IntroductionLicensed copy from CIS: neilwhite, May Gurney Construction Ltd, 07/05/2012, Uncontrolled Copy.Fibre reinforced polymers (FRPs) have been used successfully in the construction industry for several decades, mainly for architectural applications e.g. cladding. However, FRPs have never become established as major structural materials in the building industry. In recent years they have started to re-emerge as their inherent benefits are being acknowledged once again. This report looks at the technical and cost implications of using FRPs in construction and demonstrates their effective use by means of a number of case histories. The advantages of FRPs over traditional structural materials have long been recognised in the high technology engineering sectors such as the aerospace and automotive fields, where the rate of growth in the usage of composites continues to be significant. FRPs have made most rapid progress especially in weight sensitive applications where the consequential cost of added weight (due to greater propulsion costs) outweighs the incremental cost of the material. As confidence in the performance of FRPs has grown, their usage, initially mainly confined to secondary structures, is being increasingly extended to safety critical primary structures where the consequences of failure in terms of cost are far greater. In the construction field, FRPs are also making inroads, albeit at a slower rate, for a variety of reasons. Large segments of the construction industry, on both the supply and demand sides, tend to be more conservative in their support of new technology and innovation. Being less technology conscious and less technology driven, the industry has been less willing to invest in research and development and take the commercial risks associated with innovation. Options are traditionally selected on the basis of initial capital costs and benefits. Only recently has there been a move to select material options, albeit at the initial planning stage rather than at the tender award stage, on the basis of whole life costs and benefits, or total annual cost of ownership. Applications in the construction field differ from those in the aerospace and automotive industries in a number of significant respects. Infrastructure applications such as bridges are frequently large one-off projects. These need to have a long service life with high levels of structural reliability throughout because shortcomings in structural performance are very expensive to rectify. Due to their scale and location, access is frequently costly. Hence the consequential cost of corrosion and fatigue is often considerably more significant than the consequential cost of weight and, therefore, the frequency of maintenance cycles needs to be minimised. Due to the absence of cost-related running costs, operating costs are primarily due to maintenance and repair associated with corrosion and structural degradation (e.g. fatigue), and any consequential disruption and loss of service. In the increasingly busier networks that characterise modern infrastructure, the cost of disruption caused by the loss of service of an element in the network frequently greatly outweighs the direct cost of maintenance and repair. In these circumstances, the ratio of operating cost to capital cost can be as high if not higher than in vehicular applications. Final assembly and installation often take place in relatively hostile and unpredictable environments. Hence the speed and reliability of joining and installation processes is a significant factor in the overall cost effectiveness of a solution. FRPs offer several important advantages over traditional materials for construction projects: Time saving low weight for fast construction in time tight projects Durability able to survive, especially in harsh environments Repair to allow repair of structures in-situ Strengthening strengthening of structures in-situ Tailor-made properties where especially high performance is needed in one direction Appearance where a particular colour, shape or texture is required Blast/fire where blast or fire resistance is required Radio transparent for telephone masts and military structures Low maintenance in conditions where difficult access makes maintenance hard The main driver for the adoption of FRPs in construction in the past has tended to be the reduction of the direct and indirect costs of corrosion and maintenance. More recently, weight savings and speed of installation have gained in importance. To compete successfully with the conventional structural materials used in construction (such as steel, concrete, aluminium, and their associated maintenance liabilities) FRP solutions must have optimised benefits and costs and adequate long-term durability.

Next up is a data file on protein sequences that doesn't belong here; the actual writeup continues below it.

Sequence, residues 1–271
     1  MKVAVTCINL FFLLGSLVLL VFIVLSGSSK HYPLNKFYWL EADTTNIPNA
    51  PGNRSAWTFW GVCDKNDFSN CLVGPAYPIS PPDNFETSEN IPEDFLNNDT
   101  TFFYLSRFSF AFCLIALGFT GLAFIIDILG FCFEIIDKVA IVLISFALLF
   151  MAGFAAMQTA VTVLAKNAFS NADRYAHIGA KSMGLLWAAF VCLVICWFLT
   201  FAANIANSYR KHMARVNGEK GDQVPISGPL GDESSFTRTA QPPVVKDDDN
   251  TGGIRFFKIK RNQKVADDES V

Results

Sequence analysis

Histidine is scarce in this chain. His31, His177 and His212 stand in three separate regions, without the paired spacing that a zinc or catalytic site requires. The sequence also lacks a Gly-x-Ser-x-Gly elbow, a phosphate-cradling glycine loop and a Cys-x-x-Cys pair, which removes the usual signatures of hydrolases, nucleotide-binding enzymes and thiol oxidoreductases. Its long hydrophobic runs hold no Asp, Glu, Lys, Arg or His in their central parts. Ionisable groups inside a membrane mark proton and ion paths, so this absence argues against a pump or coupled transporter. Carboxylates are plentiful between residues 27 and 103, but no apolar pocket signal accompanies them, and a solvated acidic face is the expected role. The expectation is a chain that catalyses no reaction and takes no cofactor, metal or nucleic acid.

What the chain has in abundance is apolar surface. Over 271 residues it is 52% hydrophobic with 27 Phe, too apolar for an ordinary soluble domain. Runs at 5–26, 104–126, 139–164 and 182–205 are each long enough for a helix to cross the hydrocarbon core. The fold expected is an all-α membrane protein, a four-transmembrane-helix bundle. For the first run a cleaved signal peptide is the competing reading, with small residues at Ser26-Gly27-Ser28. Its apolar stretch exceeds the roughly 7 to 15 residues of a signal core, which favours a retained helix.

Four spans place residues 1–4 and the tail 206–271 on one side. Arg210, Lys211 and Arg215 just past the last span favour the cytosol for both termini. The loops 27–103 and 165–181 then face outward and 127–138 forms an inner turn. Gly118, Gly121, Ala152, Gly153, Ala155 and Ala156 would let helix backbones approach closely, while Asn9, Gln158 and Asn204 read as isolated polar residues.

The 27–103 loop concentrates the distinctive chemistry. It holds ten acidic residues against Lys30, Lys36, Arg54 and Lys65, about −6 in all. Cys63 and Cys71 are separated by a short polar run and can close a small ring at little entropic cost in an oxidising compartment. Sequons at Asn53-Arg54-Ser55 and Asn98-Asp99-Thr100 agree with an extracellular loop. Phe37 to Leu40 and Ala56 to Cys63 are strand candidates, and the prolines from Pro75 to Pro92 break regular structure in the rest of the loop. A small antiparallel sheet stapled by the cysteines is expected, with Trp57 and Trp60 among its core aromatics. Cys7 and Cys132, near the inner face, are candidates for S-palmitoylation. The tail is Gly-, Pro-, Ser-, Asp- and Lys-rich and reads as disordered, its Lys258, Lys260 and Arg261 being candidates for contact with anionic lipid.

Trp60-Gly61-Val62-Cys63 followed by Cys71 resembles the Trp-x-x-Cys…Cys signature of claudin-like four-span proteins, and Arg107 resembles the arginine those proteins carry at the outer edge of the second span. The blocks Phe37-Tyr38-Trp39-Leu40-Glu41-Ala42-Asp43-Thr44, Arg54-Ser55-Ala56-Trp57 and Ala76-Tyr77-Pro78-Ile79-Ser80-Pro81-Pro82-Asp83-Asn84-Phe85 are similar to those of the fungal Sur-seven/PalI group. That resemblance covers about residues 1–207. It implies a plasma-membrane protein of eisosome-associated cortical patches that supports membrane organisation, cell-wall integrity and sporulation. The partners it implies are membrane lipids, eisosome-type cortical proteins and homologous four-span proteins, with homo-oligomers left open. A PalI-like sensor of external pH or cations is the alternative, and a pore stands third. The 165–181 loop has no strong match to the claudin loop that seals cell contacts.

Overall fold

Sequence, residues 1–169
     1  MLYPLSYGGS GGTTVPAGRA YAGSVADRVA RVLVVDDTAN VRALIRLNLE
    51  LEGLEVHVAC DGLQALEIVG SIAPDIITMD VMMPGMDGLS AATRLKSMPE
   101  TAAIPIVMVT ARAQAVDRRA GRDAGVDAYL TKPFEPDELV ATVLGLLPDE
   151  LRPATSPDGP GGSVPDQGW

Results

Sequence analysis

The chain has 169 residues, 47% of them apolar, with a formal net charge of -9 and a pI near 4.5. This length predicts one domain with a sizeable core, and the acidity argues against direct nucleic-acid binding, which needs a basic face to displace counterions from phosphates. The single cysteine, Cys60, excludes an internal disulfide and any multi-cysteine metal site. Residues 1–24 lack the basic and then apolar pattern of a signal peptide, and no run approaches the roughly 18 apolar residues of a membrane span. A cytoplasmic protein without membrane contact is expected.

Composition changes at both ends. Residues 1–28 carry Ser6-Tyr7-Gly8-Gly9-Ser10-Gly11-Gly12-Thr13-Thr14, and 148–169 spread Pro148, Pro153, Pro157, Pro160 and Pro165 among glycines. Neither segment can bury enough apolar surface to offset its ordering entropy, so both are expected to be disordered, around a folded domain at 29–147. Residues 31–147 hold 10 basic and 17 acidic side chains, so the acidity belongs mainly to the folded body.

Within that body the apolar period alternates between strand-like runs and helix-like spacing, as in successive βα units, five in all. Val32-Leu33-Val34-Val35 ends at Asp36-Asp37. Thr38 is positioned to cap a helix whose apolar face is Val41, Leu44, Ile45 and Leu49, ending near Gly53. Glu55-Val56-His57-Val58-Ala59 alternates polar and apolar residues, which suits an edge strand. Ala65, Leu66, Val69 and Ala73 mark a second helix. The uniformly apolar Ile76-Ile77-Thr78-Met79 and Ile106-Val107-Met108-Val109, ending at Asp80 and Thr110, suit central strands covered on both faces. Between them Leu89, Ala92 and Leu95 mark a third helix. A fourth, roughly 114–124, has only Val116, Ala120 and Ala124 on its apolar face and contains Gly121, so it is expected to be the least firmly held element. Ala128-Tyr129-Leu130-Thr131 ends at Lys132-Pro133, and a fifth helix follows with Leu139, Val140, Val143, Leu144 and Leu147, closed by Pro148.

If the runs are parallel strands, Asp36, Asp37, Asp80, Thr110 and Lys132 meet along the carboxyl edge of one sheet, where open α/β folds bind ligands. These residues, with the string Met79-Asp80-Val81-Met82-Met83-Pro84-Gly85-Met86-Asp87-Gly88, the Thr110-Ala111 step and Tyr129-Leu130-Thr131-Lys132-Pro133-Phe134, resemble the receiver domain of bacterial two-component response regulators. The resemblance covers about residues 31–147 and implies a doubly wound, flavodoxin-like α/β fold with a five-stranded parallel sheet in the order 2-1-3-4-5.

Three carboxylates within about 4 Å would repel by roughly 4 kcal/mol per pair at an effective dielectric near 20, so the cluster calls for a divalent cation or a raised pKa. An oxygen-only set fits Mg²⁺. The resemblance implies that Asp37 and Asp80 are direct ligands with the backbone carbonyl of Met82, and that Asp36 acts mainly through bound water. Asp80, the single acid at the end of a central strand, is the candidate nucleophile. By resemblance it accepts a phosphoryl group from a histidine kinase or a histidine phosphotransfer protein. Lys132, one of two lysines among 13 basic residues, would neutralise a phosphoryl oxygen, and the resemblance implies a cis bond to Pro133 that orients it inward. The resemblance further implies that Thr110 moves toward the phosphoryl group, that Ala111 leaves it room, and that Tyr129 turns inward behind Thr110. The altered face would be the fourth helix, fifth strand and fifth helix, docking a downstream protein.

1

Materials usedLicensed copy from CIS: neilwhite, May Gurney Construction Ltd, 07/05/2012, Uncontrolled Copy.Resins Thermosetting resins are most widely used in the construction industry, the most common being the unsaturated polyesters, epoxides and phenolics. Polyester resins are relatively inexpensive, easy to process, allow room temperature cure and have a good balance of mechanical properties and environmental/chemical resistance. Epoxy resins are used for the majority of high-performance FRP structures. They have excellent environmental and chemical resistance and superior resistance to hot-wet conditions. Compared to polyesters, they are more expensive and requir